4 Ways Gender Norms Affect Your Family

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The family is often considered a site for upholding American traditions, including gendered ones. So, it comes as no surprise that there are many ways gender norms affect our families. In our culture, gender norms dictate everything from what kind of families people start to how they raise their kids and what relationships they have with them as adults — but the standards set by these norms aren't always helpful. Indeed, oftentimes, they can be downright harmful.

The gender norms governing family relationships are not the same everywhere and haven't been the same forever. For example, the idea that one mother and father are responsible for raising a child is fairly new. Living with extended family used to be more common in the United States, and a Pew Research analysis of census data actually shows it could be making a comeback. If you go back even further, many hunter-gatherer societies did and still do set children up to be raised by an entire tribe — not by solitary

In fact, even in our own culture, a lot of us don't have the families that gender norms say we should have. Many of us grew up with single parents, divorced parents, same-sex parents, or extended family. Nevertheless, gender norms have a way of creeping into even non-traditional families. Here are some ways they could be damaging your family relationships.

1. They Dictate That Women Be The Primary Caretakers...

Since gender norms encourage women to be warm, nurturing, and oriented toward the home, many of us spend more time with our mothers and other female relatives than with our male relatives growing up. This applies to extended family as well as the so-called "nuclear family." You rarely hear, for example, about Grandfather's famous chicken soup. While these relationships with mothers, grandmothers, and aunts are near and dear to many of us, the downside is that women experience undue pressure to be dedicated homemakers and caretakers in addition to or instead of being career-oriented.

2. ...And They Dictate That Men Be The Primary Breadwinners

The flip side of the pressure women feel to be more involved in the home is that men have been encouraged to put work above family, which means that many people's fathers, grandfathers, and uncles weren't around as much as their mothers, grandmothers, and aunts. Like caring for a family, supporting a family is a beautiful role to be appreciated, but it can also make men less close with their families than they could be and force them to work more than is healthy.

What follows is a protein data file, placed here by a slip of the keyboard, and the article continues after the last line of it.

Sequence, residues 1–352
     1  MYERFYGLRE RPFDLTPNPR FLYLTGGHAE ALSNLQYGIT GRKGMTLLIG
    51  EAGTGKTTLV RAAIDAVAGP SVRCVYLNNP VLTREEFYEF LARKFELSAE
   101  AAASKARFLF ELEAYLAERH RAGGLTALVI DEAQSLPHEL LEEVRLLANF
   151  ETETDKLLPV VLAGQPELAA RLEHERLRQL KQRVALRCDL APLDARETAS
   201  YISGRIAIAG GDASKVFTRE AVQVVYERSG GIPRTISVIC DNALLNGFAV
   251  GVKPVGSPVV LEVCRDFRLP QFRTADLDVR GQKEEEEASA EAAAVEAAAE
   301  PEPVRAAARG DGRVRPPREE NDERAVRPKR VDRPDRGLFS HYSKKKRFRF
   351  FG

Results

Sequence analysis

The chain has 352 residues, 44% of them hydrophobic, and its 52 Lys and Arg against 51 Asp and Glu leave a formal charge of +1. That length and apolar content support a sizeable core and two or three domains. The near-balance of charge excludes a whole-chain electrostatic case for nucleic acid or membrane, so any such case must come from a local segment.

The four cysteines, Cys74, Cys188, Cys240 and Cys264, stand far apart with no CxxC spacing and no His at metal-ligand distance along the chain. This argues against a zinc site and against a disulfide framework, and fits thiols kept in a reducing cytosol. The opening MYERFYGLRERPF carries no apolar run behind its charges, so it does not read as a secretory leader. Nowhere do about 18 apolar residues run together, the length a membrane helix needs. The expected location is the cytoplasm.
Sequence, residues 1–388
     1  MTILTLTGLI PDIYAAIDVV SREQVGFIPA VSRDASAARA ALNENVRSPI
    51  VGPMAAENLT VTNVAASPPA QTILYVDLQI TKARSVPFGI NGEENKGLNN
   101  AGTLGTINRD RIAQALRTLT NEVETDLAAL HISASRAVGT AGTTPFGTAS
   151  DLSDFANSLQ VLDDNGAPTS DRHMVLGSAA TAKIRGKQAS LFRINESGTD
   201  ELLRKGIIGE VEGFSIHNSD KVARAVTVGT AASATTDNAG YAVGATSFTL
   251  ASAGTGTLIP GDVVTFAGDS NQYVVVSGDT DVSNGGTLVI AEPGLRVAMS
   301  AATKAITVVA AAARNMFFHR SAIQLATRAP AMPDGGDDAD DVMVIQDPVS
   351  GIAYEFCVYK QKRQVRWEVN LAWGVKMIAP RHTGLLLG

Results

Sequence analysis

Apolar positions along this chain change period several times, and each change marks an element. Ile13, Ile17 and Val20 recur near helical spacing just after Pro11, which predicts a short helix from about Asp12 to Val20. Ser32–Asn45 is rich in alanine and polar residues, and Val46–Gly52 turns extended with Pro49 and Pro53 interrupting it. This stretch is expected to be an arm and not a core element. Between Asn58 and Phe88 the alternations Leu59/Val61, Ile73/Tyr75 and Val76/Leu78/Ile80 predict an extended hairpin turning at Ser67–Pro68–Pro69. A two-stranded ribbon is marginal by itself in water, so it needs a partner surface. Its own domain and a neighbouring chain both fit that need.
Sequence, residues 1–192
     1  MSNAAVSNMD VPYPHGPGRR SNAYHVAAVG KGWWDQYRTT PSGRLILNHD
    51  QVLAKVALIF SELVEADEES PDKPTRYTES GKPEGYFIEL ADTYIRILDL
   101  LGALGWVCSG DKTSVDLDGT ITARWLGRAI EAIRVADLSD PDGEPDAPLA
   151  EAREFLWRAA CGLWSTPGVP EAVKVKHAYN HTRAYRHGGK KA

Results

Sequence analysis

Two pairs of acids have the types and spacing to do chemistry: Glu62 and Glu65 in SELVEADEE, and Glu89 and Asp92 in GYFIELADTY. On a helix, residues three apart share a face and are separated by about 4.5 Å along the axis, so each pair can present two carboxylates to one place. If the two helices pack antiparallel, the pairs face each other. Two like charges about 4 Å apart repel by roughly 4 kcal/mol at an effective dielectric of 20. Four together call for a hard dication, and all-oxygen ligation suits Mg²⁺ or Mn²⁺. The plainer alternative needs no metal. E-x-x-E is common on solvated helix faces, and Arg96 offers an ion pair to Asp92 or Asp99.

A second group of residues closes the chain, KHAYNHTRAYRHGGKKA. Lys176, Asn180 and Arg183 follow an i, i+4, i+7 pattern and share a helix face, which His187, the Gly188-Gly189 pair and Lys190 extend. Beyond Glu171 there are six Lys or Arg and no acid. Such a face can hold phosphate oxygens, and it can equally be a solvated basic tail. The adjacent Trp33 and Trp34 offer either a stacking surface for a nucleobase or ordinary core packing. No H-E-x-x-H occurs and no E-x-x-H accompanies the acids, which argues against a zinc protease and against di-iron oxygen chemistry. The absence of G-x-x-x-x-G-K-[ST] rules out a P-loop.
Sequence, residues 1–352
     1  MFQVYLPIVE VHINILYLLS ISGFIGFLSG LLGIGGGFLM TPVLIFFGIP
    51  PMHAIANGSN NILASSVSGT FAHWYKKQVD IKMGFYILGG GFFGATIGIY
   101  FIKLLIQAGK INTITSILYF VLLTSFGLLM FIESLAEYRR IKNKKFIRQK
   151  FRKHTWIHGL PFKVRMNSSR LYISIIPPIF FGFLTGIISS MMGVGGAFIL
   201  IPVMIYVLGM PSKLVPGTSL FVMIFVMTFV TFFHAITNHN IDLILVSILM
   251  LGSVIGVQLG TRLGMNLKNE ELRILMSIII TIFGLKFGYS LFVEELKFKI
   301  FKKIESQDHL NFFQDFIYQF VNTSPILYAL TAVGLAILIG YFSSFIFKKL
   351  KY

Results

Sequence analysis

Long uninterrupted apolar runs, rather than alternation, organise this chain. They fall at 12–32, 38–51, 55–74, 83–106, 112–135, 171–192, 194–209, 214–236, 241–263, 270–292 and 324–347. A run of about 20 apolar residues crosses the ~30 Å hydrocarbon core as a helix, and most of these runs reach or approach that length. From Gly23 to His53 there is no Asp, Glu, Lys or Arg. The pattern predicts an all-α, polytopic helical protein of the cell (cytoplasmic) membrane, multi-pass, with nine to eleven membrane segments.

3. They Delineate Family Relationships By Gender

Overall, gender norms prescribe that most children will be closer with their mothers (though that prescription doesn't always come to fruition), but in certain ways, people are also expected to be closest with whatever family members share their gender. Boys are supposed to go fishing with their dads, while girls go shopping with their moms. Brothers play sports together while sisters do one another's makeup. And when it comes to confiding in older relatives about relationships, sex, and other personal matters, people are supposed to seek out someone of the same gender. This provides an early foundation for us to gender our friendships and other relationships and to view the other gender as alien to us.

4. They Narrowly Define What A Family Even Is

As I mentioned, traditional American gender norms dictate that a family is a man and a woman who are married with kids. In reality, less than half of kids in this country have that kind of family, according to Pew Research. But while non-traditional families may be normal, they're far from accepted. Single parents, same-sex parents, adoptive parents, and polyamorous parents are still stigmatized, as are people who don't have parents or choose not to associate with them because they've found a more supportive family unit on their own. Ultimately, a family limited by gender norms is one that limits us as human beings, since it stops us from seeking out the relationships we want with the people we truly want to have them with.

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